These days, when people are skeptical, I say “Cool. I know. I sound mad, I sound spiteful. But you know, if we were to allow an outside review of these guys, mayhap we could get a couple of the bad apples out of there off the force. And you know, I think the good cops would thank us for that. And after all, don’t you think that our good cops will welcome the scrutiny, because they’ll know it’s not them we’re gonna find being bad, and don’t you think they’ll be glad for the chance to enjoy some renewed trust?”
    What do you think? Is there any reason for the good cops to hate a little poking around into their methods, their policework? Or is it just bad cops who oppose it?
    Can we get to a point where those of us who KNOW the cops are corrupt are willing to thank people for supporting our institutions, because those institutions keep us safe and free, and just ask for a quick peek by someone other than those cops or those politicians directly affected by that inquiry, in a calm and not-condescending way?
    Can we remember to keep the goal in front of us, that NO, we cannot allow Berry to stand up and offer to lead us through this crisis, because he’s too directly affected by it to be allowed to hold the reins on this one?
    Can we be a community, not divided, but offering differing viewpoints to the same difficult times?
    And can we remind ourselves, before all else, to work together, so that our little oppositions, our little angers, our little condescensions, do not render it impossible to fix our bigger issues?

    Posted by Aya Peterson | April 7, 2014, 11:40 am
  2. Great interview, David. I’m so glad that there’s an articulate person in Burque voicing these views – it’s not just a matter of making a few tweaks, reforms and getting rid of “bad apples” or finding a new chief; it’s a matter of changing the relationship of power between the people and the police and changing the way we as a society handle fundamental issues like inequality, mental health and community governance. I just wish they were interviewing you on KOAT and having you write editorials in the Journal – or at least Democracy Now! Come on, Amy! Since Boyd’s death, I’ve been following things in Albuquerque closely (or at least trying, it’s been busy!) and, while I think the Journal has actually been doing some half-decent reporting, I count on La Jicarita to really know what’s up. It’s very heartening to see the groundswell of “dignified rage” (to quote the Zapatistas) in burque. It’s the type of energy I’d only dreamed of years ago – if only it didn’t have to come with the blood of so many people. Keep up the great work.

    Posted by Robert | April 8, 2014, 5:53 pm
  3. In addition to killing unarmed un resisting citizens, the APD routinely engages in excessive force in other situations. For an example, see this incident from the DOJ Report.

    “Albuquerque police used unreasonable force when they deployed a barrage of less lethal
    weapons at “Albert,” a 60-year-old man who was intoxicated and began arguing with his friend
    in March 2009. The friend called police twice, the second time reporting that Albert had
    threatened him with a knife and a pellet gun. Forty-seven officers responded to the scene,
    including snipers and officers from specialized tactical units. After some delay, Albert complied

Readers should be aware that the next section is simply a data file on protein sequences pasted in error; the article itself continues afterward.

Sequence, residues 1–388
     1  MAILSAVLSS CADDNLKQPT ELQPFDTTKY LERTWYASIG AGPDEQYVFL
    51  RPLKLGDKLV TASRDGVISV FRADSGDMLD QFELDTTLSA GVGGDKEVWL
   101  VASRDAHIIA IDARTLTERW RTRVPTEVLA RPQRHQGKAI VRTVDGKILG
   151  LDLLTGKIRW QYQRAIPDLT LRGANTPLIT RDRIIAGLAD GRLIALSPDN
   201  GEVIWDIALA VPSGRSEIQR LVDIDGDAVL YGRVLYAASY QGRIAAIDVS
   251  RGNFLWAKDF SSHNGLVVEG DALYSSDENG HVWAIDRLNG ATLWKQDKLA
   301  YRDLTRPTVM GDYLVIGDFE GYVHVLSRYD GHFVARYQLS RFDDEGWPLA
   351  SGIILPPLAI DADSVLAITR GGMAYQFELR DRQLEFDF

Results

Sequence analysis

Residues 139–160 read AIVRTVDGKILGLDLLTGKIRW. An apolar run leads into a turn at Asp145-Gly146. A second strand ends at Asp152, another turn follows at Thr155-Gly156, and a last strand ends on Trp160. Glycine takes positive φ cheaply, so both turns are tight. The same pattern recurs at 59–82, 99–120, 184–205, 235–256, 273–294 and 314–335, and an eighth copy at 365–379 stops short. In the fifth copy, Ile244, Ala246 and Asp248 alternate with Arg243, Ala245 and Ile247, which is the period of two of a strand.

with officers’ orders to drop a knife that he was holding while standing at the doorway and
    walked outside unarmed. After additional delay, he stopped and began to turn. At that point, an
    officer was ordered to “bag him.” An officer fired five successive rounds of beanbags at Albert
    with a shotgun. Another officer deployed a flash-bang grenade. Another officer shot him with a
    canister of four wooden batons, two of which penetrated his skin. Another officer deployed a
    police canine that bit Albert in the arm, tearing his flesh as the canine tried to pull him down.

    “Albert grabbed onto a nearby fence. Two officers fired Tasers at Albert; one of them fired six
    five-second cycles of electricity into him. Albert finally collapsed, and officers carried him away
    unconscious, leaving behind a trail ofblood and urine. In an April2012 order entering judgment
    as a matter of law in Albert’s favor, District Judge Bruce Black found that “no reasonable person
    could believe that an inhibited, slow-moving, 60-year-old individual, who made no physical or
    verbal threats, and wielded no weapons, could constitute a threat to the safety of any of the fortyseven
    armed and shielded police officers who stood over twenty feet away.”

    Posted by Edwin Macy | April 11, 2014, 2:14 pm
  4. Mr. V.B. Price knows, since the 1990s, of the prodigious number of felons that Albuquerque PD produces. He was provided back then with a copy of a report our think tank (Hellebore Society) produced outlining each case, providing statistics from the USDoJ comparing the Albuquerque PD to other police agencies in the USA. Over the years, my heart has hardened towards Albuquerque PD. I see them as nothing more than a RICO enterprise. A large gang that doesn’t fight crime but merely squashes would-be competitors and others that don’t tow its line. There’s a reason why Albuquerque PD ‘solves’ so many murders. They are in close collaboration with criminals throughout Albuquerque. There is also a reason why so many Albuquerque PD Officers have very little regard for human life. They are largely recruited from out of state and are little more than mercenaries, often ‘Gypsy Cops’ who been fired or rejected by other departments. They come here and adopt the attitudes towards the locals that their predecessors like out-of-staters Joseph M. Polisar, and Ray Schultz and others, have ingrained in those selecting and training them. They appear to be huge fans of Massad Ayoob and strict followers of his ‘Bible’, “In The Gravest Extreme”. A guide for the law enforcement officer, and others, on how to literally get away with murder.

    Posted by Sharon Ostberg | April 25, 2014, 3:53 pm